Liturgy: The Second Vatican Council initiated great changes in the liturgy of the Latin Church. When Latin Catholics attend liturgy in the Eastern Church, they find the celebrations different from their own.


    According to Vatican II, “All members of the Eastern Churches should be firmly convinced that they can and ought to always preserve their own legitimate liturgical rites and ways of life, and that changes are to be introduced only to forward they own organic development. They themselves are to carry out all these prescriptions with the greatest fidelity. They are to aim always at a more perfect knowledge and practice of their rites, and if they have fallen away due to circumstances of time or person, they are to strive to return to their ancestral tradition.” It is clear from the words of the council that the vision for the Eastern Churches is very different from that proposed for the West, and therefore the success or lack of success should be judged accordingly. As long as Christians have been able to build their own churches, the areas of the altar had been marked out as a special place; sometimes rails have been used, and sometimes steps. In Byzantine churches, a screen of icons marks off the altar. This screen developed over many hundreds of years from a simple open screen to a real wall of icons, with doors (also covered with icons) that permit the celebrants to process to and from the altar. To the Latin Catholic, it may seem that the Church is trying to hide the altar from the laity, but the idea that something sacred can be “hidden” behind an icon seems strange to Eastern Catholics. Icons are always the sign of presence. The icons on the icon-screen are the household of Heaven made up of Christ, the Mother of God, the Angels, and the Saints. Heaven is with us when we celebrate the liturgy and, in a mystical way, actually celebrates the liturgy with us. For Byzantine Catholics, with their long history of theology and devotion, the icon-screen represents a real celebration of the presence of God among us.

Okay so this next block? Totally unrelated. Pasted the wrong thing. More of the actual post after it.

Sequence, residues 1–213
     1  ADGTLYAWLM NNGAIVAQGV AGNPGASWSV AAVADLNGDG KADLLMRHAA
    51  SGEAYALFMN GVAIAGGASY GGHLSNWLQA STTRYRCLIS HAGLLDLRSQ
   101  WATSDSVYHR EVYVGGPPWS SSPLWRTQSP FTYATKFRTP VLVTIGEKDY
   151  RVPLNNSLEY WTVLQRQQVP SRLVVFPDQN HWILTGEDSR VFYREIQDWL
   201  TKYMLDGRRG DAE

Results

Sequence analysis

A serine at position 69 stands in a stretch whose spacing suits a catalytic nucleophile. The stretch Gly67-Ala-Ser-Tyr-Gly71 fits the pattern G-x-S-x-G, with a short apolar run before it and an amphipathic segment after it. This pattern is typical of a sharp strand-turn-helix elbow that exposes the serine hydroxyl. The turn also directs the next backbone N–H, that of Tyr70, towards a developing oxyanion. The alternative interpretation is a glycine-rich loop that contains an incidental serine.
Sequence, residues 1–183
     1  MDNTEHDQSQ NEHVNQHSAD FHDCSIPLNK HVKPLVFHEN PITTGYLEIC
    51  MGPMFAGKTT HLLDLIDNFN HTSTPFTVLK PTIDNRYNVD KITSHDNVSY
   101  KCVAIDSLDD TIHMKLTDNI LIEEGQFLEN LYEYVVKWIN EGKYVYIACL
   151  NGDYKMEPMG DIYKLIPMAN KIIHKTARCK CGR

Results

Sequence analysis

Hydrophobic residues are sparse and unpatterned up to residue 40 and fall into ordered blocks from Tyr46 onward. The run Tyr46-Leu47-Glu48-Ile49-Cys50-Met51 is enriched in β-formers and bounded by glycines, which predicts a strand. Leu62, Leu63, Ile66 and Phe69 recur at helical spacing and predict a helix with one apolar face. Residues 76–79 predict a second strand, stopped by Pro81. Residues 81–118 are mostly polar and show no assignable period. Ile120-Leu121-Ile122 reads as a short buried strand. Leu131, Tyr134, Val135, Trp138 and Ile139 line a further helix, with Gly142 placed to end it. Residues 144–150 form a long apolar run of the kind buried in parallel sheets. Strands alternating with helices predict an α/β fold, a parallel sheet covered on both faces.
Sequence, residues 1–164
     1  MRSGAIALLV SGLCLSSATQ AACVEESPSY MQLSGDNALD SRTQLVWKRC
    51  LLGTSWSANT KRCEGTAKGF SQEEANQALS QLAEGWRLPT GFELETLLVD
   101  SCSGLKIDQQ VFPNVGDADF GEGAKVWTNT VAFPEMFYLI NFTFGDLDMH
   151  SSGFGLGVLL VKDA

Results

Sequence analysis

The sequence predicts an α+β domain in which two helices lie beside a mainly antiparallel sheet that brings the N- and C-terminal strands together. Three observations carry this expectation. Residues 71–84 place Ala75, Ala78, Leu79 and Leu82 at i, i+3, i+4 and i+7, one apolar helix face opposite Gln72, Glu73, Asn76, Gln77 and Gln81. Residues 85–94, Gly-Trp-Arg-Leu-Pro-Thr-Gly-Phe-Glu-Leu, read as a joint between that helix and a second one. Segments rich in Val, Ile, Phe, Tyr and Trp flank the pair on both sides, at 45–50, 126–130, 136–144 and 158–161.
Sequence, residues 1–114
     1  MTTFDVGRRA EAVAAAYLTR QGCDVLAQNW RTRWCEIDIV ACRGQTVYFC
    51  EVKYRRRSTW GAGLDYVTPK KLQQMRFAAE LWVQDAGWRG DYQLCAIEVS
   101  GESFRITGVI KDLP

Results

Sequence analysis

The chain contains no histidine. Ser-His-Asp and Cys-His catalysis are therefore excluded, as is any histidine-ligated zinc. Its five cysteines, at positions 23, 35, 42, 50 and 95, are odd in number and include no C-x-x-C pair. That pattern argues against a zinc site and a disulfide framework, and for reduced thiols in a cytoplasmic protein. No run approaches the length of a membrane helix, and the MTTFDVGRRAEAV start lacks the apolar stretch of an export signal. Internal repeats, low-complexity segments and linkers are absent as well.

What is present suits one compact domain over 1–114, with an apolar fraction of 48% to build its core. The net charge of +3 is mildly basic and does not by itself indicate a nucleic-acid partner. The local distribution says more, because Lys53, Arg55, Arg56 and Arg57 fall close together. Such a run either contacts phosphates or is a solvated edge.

Law: The cannon law of the Eastern Churches, which was revised after the Second Vatican Council, is contained in the Code of Canons of the Eastern Churches, which was promulgated by Pope John Paul II on October 18, 1990, and took effect on October 1, 1991. In accordance with this universal legislation, each of the Eastern Catholic Churches can develop its own particular law. There are some aspects of the discipline of the Eastern Churches that are well known to Latin Catholics, for example, the different discipline in regard to clerical celibacy. More recently, the Existence of married clergy in the East has been used as an argument for making priestly celibacy optional in the West. Questions posed by the Latin Church about it’s own life and discipline can only be answered by that Church from within its own tradition. The fact that some priests are married and some not has ever been a question of debate in the East. As Pope Paul VI noted, “If the legislation of the Eastern Church is different in the matter of discipline with regard to clerical celibacy…this is due to the different historical background of that most noble part of the Church, a situation which the Holy Spirit has providentially and supernaturally influenced.” Vatican II, in this matter, stated, “While recommending ecclesiastical celibacy this sacred Council does not by any means aim at changing that contrary discipline which is lawfully practiced in the Eastern Churches. Rather the Council affectionately exhorts all those who have received the priesthood in the married state to preserve in their holy vocation and continue to devote their lives fully and generously to the flock entrusted to them.” The Eastern Churches have a deep reverence for the celibate state as lived by monks and nuns. The episcopate, the fullness of the priesthood, is only bestowed on celibate priests. The Second Vatican Council sought the restoration of the permanent diaconate. The deacon has always had a central role in the liturgical life of many Eastern Churches, but unfortunately under the influence of the Latin Church, the diaconate came to be seen as a step towards ordination to the priesthood. The permanent deacon, both in the West and the East, is ordained “not unto the priesthood, but unto the ministry.” Nevertheless, the deacon is seen as a member of the hierarchy and not a layman. In the Liturgy, the deacon is at the service of the bishop and through him the entire Church. The deacon also has a role in preaching. As the Code of Canons of the Eastern Churches states, “Bishops, priests and deacons, each according to the grade of his sacred order, have as their foremost duty the ministry of the Word of God”. Deacons, like priests of the Eastern Churches, may be either celibate or married men.